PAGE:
I know, none of this is useful for February. Here I confess I know next to nothing about hot coffee except what they dole out at Starbucks. But listen when I tell you about cold coffee.

Cold brew: Well, never heard of it. The wink at the end of Airk’s comment threw me off more.

For any method in which you heat your own water: I suspect you don’t just boil up some water, but heat water to a best brewing temp with an electric kettle?

I like the French Press idea, but not ruling out any of them.


Click on the link I posted above for easy cold brew.

And here’s something to add to your coffee that sounds really, really good:

Syrups (regular or sugar free) can be great … a little goes a long way, so measure and pour carefully, too much is bitter and awful. A touch of syrup can be wonderful.

Because sometimes I want a hot cuppa. It doesn’t boil, just heats.

Although fresh beans are awesome (I really like these guys’ products), just getting bulk beans, or “premium” grade pre-bagged beans from the grocery store or somewhere like World Market will significantly up the game.

I’d also look into brewing it stronger; to me, Keurigs make almost undrinkably weak coffee, as they’re using like a tablespoon of grounds to make 12 oz of coffee, which is about 1/4 of what is recommended.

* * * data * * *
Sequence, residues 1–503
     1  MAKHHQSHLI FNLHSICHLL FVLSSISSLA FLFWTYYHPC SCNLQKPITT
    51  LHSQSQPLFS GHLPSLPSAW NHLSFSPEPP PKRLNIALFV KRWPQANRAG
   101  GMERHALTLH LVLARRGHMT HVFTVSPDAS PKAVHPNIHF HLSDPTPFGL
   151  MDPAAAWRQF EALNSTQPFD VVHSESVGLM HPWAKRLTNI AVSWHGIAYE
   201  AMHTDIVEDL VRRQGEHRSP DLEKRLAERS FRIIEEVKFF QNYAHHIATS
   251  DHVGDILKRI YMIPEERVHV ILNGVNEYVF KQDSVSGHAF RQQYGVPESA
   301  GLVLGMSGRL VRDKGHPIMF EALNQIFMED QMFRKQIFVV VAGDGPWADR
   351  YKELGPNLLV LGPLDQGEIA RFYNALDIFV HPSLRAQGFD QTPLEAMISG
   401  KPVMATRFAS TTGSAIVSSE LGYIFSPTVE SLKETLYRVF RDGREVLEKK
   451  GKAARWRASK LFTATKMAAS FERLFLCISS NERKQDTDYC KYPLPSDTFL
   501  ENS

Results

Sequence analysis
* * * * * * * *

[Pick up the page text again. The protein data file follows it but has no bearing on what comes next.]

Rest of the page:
Finally, a pinch of salt helps knock back some of the sharp bitterness that some roasts have.

Freshly ground coffee beans are good. Using freshly roasted beans, it is the ultimate!

If you are lucky enough to have a coffee roaster in your area, visit it. Buy some beans that were roasted that day or the day before. Incredible!

I’ll weigh in on the French Press side.

At home, I cadge a cup out of my wife’s or daughter’s drip machines (separate - they have different preferences), but at work I have a 3-4 cup French Press and a stock of three or four kinds. :rolleyes:

We have high heat water taps on the “kitchen” alcove sinks, and I walk to the further one to fill it, and my coffee is just right by the time I get back.

French Presses have a couple of minor down sides; the screen is coarser than a filter, so you use coarse ground coffee, which means grind it from beans. Most commercial blends are drip grind, which is finer and slips more sediment through the screen (You get a bit anyway). :dubious: